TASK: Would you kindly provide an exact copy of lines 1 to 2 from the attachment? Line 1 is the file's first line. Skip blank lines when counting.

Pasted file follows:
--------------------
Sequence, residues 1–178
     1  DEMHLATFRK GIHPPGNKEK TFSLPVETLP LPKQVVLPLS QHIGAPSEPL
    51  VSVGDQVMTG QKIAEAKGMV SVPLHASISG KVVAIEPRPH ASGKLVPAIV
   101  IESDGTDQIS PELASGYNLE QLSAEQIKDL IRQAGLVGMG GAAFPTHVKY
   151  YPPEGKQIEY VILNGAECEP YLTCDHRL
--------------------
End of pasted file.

Sequence, residues 1–178
     1  DEMHLATFRK GIHPPGNKEK TFSLPVETLP LPKQVVLPLS QHIGAPSEPL